The list of national Republicans choosing principle over Donald Trump continues to grow nationally. The latest was Florida Republican Party spokesman Wadi Gaitan, who resigned this week. He is in good company: Conservative compass George Will; former U.S. Treasurer Rosario Marin; Brent Scowcroft, former national security adviser to presidents George H.W. Bush and Gerald Ford; and strategist Sally Bradshaw, to name a few.
However, some Miami Republicans, once respected across the political spectrum, have tossed principles and embraced Trump’s Dark Ages candidacy. The latest was U.S. Rep. Mario Diaz-Balart and before that was Helen Aguirre Ferre, now Trump’s de facto Hispanic spokeswoman. Diaz-Balart worked on an immigration bill that the GOP’s Trump wing nixed, but which earned Diaz-Balart bipartisan cred. Aguirre was a champion of DREAMers and education at Miami Dade College, where she chaired the board of trustees. Last month that board elected another chair, after weeks of community pressure asking Aguirre to resign either as GOP spokeswoman or her board position.
And no, I did not forget Marco Rubio. His chameleon-like character — four diametrically opposed immigration positions, calls for state legislation on climate change policy before denying science and his reelection bid after saying for the 10,000th time he wouldn’t, etc. — anesthetized me to his endorsement of the guy he called a “con man” and who belittled the senator.
If Diaz-Balart and Aguirre were young operatives, I would not have been disappointed. They support a man who launched his campaign calling Hispanics “rapists” and “drug dealers;” who vulgarly attacked Fox News reporter Megyn Kelly referring, to parts of her anatomy; who mocks the disabled. They support a man who has incited violence against African-American protesters at his rallies; a man who used in campaign literature an insulting graphic of the Star of David lifted from a White supremacist website; and attacked an American-born judge based on his Hispanic heritage. His latest was a verbal shelling against the Muslim parents of a U.S. Marine killed in combat. This is the man these two South Florida leaders chose.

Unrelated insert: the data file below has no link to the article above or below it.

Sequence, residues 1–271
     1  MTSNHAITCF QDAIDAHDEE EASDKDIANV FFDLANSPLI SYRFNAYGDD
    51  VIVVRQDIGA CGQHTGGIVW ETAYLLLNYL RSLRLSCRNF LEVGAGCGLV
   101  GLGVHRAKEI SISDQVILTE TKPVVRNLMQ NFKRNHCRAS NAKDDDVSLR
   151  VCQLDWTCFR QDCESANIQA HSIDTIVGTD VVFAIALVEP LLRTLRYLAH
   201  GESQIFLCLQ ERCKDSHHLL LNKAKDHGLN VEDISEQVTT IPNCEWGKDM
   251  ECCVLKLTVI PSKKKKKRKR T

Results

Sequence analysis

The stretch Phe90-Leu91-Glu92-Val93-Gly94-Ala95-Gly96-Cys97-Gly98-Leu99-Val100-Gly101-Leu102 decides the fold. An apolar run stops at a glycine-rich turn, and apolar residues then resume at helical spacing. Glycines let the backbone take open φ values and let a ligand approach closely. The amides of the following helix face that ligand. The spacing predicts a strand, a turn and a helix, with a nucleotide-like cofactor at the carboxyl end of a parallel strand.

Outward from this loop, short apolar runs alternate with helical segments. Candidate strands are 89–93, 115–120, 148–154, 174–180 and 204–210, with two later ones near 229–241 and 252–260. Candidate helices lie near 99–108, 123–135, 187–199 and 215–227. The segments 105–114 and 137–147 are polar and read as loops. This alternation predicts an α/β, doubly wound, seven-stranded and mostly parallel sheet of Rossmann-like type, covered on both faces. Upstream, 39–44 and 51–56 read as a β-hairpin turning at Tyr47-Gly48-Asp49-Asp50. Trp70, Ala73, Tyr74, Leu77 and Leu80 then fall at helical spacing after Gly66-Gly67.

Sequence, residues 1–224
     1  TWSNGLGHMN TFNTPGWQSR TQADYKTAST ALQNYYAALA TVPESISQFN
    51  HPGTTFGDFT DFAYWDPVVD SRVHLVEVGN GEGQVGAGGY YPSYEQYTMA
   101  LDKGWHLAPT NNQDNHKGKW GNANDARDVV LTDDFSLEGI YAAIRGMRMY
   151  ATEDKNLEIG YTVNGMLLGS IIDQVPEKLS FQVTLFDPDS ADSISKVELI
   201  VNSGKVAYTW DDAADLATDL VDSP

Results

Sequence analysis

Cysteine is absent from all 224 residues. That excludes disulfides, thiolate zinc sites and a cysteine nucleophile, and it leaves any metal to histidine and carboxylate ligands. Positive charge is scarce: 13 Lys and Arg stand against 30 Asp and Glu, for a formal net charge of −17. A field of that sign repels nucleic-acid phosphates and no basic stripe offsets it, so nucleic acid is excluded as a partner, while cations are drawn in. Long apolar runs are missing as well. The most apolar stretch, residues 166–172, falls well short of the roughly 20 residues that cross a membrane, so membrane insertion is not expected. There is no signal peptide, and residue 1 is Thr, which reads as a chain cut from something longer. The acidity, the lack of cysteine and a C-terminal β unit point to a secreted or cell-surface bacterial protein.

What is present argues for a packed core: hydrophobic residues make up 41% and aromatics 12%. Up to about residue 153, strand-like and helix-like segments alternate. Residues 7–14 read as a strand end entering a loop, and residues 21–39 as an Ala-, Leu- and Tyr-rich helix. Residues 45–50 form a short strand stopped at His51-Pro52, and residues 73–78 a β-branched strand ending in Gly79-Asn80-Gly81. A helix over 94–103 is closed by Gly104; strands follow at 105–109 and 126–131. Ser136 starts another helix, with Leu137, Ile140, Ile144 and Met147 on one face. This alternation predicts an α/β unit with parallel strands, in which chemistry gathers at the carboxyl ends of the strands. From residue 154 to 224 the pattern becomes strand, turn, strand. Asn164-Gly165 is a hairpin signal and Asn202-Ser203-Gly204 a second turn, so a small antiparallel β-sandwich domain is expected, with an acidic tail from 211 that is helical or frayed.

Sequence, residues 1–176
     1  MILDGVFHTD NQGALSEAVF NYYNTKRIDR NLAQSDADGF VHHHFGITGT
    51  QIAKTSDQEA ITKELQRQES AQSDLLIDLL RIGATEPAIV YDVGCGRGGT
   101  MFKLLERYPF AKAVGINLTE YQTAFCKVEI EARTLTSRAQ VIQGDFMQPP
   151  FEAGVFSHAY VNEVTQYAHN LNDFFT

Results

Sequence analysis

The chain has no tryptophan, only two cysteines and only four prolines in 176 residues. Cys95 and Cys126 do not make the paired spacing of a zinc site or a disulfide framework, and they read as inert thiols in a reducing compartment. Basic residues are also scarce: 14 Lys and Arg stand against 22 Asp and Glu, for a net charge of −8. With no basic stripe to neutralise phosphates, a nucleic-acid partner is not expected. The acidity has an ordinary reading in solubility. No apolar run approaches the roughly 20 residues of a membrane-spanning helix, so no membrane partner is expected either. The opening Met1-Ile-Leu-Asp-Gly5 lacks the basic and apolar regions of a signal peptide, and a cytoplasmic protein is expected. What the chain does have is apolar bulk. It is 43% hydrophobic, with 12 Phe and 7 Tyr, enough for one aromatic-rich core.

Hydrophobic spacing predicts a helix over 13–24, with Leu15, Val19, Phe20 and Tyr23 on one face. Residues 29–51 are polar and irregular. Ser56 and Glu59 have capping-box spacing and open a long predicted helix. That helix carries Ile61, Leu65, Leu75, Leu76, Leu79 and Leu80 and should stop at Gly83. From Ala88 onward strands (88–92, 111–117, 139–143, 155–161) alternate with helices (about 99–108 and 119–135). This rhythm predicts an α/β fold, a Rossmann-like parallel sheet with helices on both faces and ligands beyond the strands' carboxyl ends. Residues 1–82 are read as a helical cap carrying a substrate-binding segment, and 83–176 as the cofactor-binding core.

Digital Access For Only $0.99
For the most comprehensive local coverage, subscribe today.
Maybe Diaz-Balart was worried about a nonexistent primary. Maybe Aguirre wanted to be inside to influence the process. But influence Trump? Ask Paul Manafort how that is going. Also, there are other entities whose job is not to defend the nominee, as is the RNC’s, but still promote conservative ideas. That’s what Ruth Guerra, Aguirre’s predecessor, did when she quit the RNC unable to stomach Trump. Given the example of Guerra and Gaitan example, party loyalty rings hollow.
Last year, when party loyalty was a strong reason to back a candidate, I ran into Aguirre at a restaurant. I have debated her on Spanish media countless times. We disagreed on many policy areas, and agreed on some. It was always a healthy and civil competition of ideas. I had a high degree of respect for her intellect and her conviction.
When I approached her to say hello, she said: “I have some news, but you’re not going to like it,” and handed me her Jeb Bush for president business card. I smiled and told her we’d continue to disagree and predicted some tough debates, but congratulated her. She was working for a qualified candidate, who respects diversity — and lives it — and who reaches across the aisle to find common ground.
As Google readily tells us, Aguirre did not spare Trump in the next few months. She compared him to a “street dog,” blamed him for inciting violence in his rallies and criticized his crude, personal attacks. As Bush sank, I thought Aguirre would emerge after November as one of those Republicans who would take back the party from Trump and restore Reagan’s positive outlook.
Instead, she has been telling Hispanics Trump is not a racist and is a “leader” with a steady hand. Really?
In November, both Aguirre and Diaz-Balart will be seen either as enablers who sold the future of a diverse America to a fascist — as defined by conservative Robert Kagan — or as co-opted individuals who joined Marco Rubio and helped destroy the Republican Party of inclusive conservatism.
José Dante Parra is a Democratic strategist and head of ProsperoLatino, LLC. He is a former senior adviser to Senate Majority Leader Harry Reid.